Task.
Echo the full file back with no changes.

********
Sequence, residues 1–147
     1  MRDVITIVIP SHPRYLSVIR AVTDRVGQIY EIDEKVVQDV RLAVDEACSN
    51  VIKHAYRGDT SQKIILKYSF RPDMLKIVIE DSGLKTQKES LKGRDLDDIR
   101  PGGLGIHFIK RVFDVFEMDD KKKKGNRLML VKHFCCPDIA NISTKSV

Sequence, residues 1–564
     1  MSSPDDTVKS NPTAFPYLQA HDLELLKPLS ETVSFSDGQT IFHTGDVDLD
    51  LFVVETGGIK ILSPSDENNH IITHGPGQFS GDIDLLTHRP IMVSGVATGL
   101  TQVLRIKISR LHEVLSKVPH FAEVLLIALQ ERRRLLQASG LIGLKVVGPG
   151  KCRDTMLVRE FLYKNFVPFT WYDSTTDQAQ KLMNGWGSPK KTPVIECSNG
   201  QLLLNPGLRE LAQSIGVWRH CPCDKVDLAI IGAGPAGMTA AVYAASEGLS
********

Sequence, residues 1–147
     1  MRDVITIVIP SHPRYLSVIR AVTDRVGQIY EIDEKVVQDV RLAVDEACSN
    51  VIKHAYRGDT SQKIILKYSF RPDMLKIVIE DSGLKTQKES LKGRDLDDIR
   101  PGGLGIHFIK RVFDVFEMDD KKKKGNRLML VKHFCCPDIA NISTKSV

Sequence, residues 1–564
     1  MSSPDDTVKS NPTAFPYLQA HDLELLKPLS ETVSFSDGQT IFHTGDVDLD
    51  LFVVETGGIK ILSPSDENNH IITHGPGQFS GDIDLLTHRP IMVSGVATGL
   101  TQVLRIKISR LHEVLSKVPH FAEVLLIALQ ERRRLLQASG LIGLKVVGPG
   151  KCRDTMLVRE FLYKNFVPFT WYDSTTDQAQ KLMNGWGSPK KTPVIECSNG
   201  QLLLNPGLRE LAQSIGVWRH CPCDKVDLAI IGAGPAGMTA AVYAASEGLS